Yesterday we covered the love/hate inherent in this year's NCAA tournament bracket. Let's do something different today. Let's make five bold predictions -- predictions so bold your face will melt, probably, which is itself a bold prediction -- about what we can expect these next three weeks. Disclaimer: Bold predictions made with every intention of sincerity. There's nothing worse than people who make crazy predictions simply for the sake of making crazy predictions, am I right? (In other words, I'm going out on a limb here, but I do actually think this stuff can happen.)
With that, let's get right to it. In the year 2010 ...
1. Kansas will lose to Lehigh. Ha! Got you guys! Just kidding. Deep breaths, Kansas fans. I'm not that bold. The real No. 1 is:
1. Texas A&M will make the Elite Eight. (Or: Duke won't make the Final Four.) Don't get me wrong. Duke has the easiest path to the Final Four of any of the No. 1 seeds. The Blue Devils are a very impressive team on the court and on paper -- they're Ken Pomeroy's top adjusted efficiency team in the country for a reason. Duke should make the Final Four. But if there is an upset candidate before No. 3-seed Baylor in the South region, it's Texas A&M. The Aggies are a strong defensive team, ranked No. 23 in adjusted efficiency. Mark Turgeon has a pair of experienced tournament players in Donald Sloan and Bryan Davis, both of whom have been to four NCAA tournaments. And the Aggies have the benefit of not relying on jump shooting to get themselves points. Rather, the Aggies rely on their ability to get to the free throw line, which they do at the sixth-highest rate in the country. This is the sort of offensive game plan that should serve them well against anybody, even Duke.
2. Temple will beat Cornell. Yes, counts as "bold." Since the East's No. 5/No. 12 matchup was announced, Cornell looked like the most likely candidate for the ever-popular (and logistically sound) 12-over-5 upset, one of which you should be picking in your bracket every season. In fact, this meme has crossed over into consensus. But guess what? Temple is no slouch. In fact, the Owls are pretty blatantly underseeded as a No. 5. Temple has flown as far under the radar as any team from a multi-bid league that won its own conference AND conference tournament possibly could. The Owls are No. 18 overall in Pomeroy's adjusted efficiency rankings, a mark that exists primarily thanks to their third-ranked overall defense, a unit that allows fewer points per possession than any team in the tournament not named Florida State. Temple is the best team in the country at containing shooters; Cornell just so happens to be the best three-point shooting team in the country and the third best in team effective field goal percentage.
All of which means one simple thing: Cornell got jobbed. Everyone loves the Big Red, for good reason. A No. 12 seed is remarkably low for the best Ivy League team we've seen in years. But thanks to their matchup, Cornell's stay in this NCAA tournament should prove awfully short. That this might be considered a piece of unconventional wisdom -- "bold," as it were -- is a signal of just how high most people rate the Big Red.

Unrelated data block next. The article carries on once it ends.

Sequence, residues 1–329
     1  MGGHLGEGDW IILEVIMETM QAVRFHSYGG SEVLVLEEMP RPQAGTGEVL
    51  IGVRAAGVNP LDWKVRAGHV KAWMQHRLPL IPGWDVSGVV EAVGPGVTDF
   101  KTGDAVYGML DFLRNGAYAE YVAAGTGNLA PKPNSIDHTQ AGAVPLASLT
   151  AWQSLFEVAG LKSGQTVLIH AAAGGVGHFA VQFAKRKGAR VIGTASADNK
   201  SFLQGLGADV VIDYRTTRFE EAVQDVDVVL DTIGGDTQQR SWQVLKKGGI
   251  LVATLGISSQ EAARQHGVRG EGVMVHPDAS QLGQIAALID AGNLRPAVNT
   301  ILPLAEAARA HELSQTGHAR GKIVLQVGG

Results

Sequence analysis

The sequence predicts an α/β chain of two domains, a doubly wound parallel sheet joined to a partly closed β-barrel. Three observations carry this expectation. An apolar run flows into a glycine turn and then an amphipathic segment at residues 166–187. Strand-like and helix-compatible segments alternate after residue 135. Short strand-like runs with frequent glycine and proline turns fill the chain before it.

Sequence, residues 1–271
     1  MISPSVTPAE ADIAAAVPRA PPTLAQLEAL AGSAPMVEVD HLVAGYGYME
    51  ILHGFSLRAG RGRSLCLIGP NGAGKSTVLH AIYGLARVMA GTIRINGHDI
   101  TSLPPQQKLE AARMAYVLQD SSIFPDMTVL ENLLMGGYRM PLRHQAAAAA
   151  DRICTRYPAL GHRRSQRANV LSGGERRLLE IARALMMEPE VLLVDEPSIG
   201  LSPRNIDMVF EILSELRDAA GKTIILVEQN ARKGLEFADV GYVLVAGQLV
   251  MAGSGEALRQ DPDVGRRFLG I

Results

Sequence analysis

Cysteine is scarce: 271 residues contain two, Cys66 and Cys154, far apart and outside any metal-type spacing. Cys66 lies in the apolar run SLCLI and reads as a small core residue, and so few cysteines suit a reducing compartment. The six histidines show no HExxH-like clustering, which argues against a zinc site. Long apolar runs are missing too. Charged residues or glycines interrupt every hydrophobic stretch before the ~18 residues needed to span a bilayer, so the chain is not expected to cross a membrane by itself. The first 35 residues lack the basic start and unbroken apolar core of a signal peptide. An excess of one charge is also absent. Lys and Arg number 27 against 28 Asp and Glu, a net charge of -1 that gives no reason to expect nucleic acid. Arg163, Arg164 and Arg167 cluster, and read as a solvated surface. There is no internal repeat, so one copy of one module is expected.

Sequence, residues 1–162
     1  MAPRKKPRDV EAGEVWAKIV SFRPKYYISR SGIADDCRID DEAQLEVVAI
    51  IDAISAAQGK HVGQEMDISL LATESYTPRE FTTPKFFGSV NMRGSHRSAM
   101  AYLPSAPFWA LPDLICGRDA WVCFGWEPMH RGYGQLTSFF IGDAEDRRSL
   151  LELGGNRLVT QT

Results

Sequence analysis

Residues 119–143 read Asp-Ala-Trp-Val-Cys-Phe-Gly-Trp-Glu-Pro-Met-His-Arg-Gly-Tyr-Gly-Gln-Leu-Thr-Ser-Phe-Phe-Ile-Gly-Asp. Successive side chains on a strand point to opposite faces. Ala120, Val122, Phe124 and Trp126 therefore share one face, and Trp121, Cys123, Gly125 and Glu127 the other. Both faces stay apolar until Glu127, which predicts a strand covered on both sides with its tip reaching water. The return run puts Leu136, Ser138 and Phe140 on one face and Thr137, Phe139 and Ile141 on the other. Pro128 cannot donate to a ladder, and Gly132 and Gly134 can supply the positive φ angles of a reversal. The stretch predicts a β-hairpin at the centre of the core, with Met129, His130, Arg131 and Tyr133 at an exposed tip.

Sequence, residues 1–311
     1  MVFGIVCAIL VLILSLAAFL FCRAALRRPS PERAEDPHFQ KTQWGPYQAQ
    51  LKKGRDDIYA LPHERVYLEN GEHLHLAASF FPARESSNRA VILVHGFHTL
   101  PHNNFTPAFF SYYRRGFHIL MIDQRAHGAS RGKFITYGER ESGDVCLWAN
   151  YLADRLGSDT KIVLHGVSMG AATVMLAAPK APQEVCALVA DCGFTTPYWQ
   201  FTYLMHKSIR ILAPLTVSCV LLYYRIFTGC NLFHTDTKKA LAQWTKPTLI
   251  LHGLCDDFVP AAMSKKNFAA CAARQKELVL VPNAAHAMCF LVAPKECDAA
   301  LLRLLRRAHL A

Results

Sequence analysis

3. BYU will edge Kansas State. OK, so this part of the limb might be a little further out than I wanted to tread, but the more I think about it, the more I think it's entirely possible the Cougars can top Kansas State in the second round in Oklahoma City. This BYU team is much better than their No. 7 seed. For starters the Cougars are a potent offensive team with a bonafide star in Jimmer Fredette and an experienced sidekick in Jonathan Tavernari. To be sure, Kansas State will be something of a shock to the Cougars' system -- BYU hasn't played a team that defends quite as thoroughly as the Wildcats. Nor do most teams attempt to run with BYU's uptempo offense. The Wildcats, who average 71.1 possessions per game, will be more than happy to go up and down with BYU for 40 minutes. In an up-and-down game like that, either of these teams can get especially hot and pull away before the other has a chance to regroup. Why can't that team be the Cougars?
4. UTEP will play Syracuse in the Sweet 16. And just how will they do that? By beating Butler in the first round and the winner of Vanderbilt-Murray State in the second. UTEP, like its first-round counterparts, are probably a bit better than their resume, and their resume is good. What's more, they're a tough matchup for Butler, whose lack of front-court depth could really struggle with the likes of Derrick Caracter and center Arnett Moultrie. After that small matter of business is concluded, the Miners will face a relatively forgiving No. 4 seed in Vanderbilt, a team that actually ranks behind the Miners in adjusted efficiency. It's one of the easier roads for any No. 12 seed into the Sweet Sixteen, and I think UTEP forges it.
5. Baylor will make the Final Four. At this point, so many people are picking Baylor to go deep into this tournament that this prediction hardly seems bold. Oh, but it is: The Bears are not a great defensive team, and they'll have to get through Villanova and Duke (or Texas A&M!) to make this prediction worthwhile. This is not un-bold, no matter how many people claim otherwise.
Still, though, I think the Bears have just as good a chance as any team in the South to emerge and play in Indianapolis on the first weekend of April. LaceDarius Dunn remains one of the country's most underrated players. Ekpe Udoh's overwhelming physicality will present issues for any team the Bears face. Most importantly, the Bears have an easy route to the Elite Eight -- their toughest test would ostensibly come from Villanova, a team equally indifferent on the defensive side of the ball and a team that lacks the size to match up with Udoh in the post. The South could get crazy. I think it does. And I think the Bears emerge unscathed.